Magazine article The Spectator

Status Anxiety: Toby Young

Magazine article The Spectator

Status Anxiety: Toby Young

Article excerpt

A leading article appeared in Nature last week in defence of intelligence research. It lamented the fact that it is not included on the undergraduate psychology curricula of many leading US universities, and attributed this to its association in the minds of students and faculties with elitism and racism. That, in turn, is due to the misuse of intelligence research in the past by eugenicists and 'race scientists' to justify their poisonous beliefs. The article expressed the hope that this toxic baggage can be discarded and intelligence rehabilitated as an important strand of psychology.

This optimism is often shared by academics who study the genetic basis of human differences; not just variations in intelligence but in other personality traits too. Among evolutionary psychologists, sociobiologists, neurobiologists, biosocial criminologists, and so on, there is a widely held belief that the only reason their disciplines are looked on with suspicion is due to ignorance and prejudice. Clearing up these misunderstandings simply involves them mastering some elementary PR skills, after which they will be welcomed into the bosom of the academy.

It would be nice if that were true, because in today's academic climate many of the leading researchers in these fields are finding it difficult to pursue their careers. Earlier this year the sociologist Charles Murray was shouted down by student activists as he tried to give a talk at Middlebury College. His sin was to have co-authored a 1994 book on intelligence called The Bell Curve that includes a section on ethnic variations in average IQ. The book doesn't claim this is partly due to genetic differences, but it does include a measured discussion of the evidence for and against that point of view. For this, and this alone, Murray was branded a 'white supremacist' by the protestors.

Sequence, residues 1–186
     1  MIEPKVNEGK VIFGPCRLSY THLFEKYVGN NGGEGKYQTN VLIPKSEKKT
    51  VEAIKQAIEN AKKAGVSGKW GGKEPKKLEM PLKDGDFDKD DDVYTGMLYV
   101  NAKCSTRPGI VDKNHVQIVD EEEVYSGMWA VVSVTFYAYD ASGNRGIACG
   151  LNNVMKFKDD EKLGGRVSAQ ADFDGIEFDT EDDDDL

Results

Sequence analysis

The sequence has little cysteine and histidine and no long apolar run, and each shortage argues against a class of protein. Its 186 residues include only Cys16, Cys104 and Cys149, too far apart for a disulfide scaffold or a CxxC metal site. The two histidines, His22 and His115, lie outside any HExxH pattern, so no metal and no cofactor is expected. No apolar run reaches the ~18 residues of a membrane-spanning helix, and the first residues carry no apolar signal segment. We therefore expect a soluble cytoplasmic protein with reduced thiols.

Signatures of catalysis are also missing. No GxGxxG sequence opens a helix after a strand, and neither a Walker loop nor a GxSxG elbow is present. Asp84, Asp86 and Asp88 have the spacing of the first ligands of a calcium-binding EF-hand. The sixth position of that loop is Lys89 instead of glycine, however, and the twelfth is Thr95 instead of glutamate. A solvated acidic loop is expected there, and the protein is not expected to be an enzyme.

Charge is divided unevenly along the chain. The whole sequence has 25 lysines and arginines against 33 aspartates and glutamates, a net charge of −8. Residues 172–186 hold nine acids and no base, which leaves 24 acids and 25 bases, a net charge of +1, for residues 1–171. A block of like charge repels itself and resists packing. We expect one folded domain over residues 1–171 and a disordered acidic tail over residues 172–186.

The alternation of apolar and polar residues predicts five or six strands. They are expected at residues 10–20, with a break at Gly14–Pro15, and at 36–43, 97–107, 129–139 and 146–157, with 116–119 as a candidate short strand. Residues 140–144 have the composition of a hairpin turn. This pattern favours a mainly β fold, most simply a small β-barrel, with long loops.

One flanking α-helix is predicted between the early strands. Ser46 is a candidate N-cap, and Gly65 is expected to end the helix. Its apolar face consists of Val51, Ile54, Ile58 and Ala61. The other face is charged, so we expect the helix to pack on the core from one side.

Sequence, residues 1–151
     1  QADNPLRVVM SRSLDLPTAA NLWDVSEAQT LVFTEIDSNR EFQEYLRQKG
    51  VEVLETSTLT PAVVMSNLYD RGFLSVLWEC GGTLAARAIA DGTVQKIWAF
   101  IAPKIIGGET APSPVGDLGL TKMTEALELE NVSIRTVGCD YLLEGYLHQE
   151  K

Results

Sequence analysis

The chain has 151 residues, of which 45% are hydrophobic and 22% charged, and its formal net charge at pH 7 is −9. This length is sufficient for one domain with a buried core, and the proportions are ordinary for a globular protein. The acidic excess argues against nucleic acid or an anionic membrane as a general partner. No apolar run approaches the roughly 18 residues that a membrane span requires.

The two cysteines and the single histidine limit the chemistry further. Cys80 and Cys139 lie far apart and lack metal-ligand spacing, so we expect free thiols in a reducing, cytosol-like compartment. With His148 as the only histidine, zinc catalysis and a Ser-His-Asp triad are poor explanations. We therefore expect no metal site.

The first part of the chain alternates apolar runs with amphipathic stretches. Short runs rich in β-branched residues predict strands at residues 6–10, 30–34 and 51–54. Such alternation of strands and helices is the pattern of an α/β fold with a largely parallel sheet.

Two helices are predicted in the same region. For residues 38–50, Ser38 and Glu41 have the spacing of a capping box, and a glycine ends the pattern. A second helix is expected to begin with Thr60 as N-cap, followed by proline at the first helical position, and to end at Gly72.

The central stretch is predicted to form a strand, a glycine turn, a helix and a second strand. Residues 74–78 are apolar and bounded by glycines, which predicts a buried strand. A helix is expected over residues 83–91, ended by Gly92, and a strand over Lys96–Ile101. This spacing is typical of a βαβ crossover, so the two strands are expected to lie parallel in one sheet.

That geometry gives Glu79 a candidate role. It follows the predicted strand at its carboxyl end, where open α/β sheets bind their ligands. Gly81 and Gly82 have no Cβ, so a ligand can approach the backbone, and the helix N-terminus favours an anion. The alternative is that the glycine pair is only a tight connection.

That incident at Middlebury College, which ended with an assault on Murray's host, Professor Allison Stranger, as she sought to protect him from a violent mob, implies that campus hostility to scholars of human differences is based on a misreading of their work. But I'm not so sure. The psychologist Jonathan Haidt, writing about this and other similar episodes for the Heterodox Academy, has identified a ritualised quality to these protests. …

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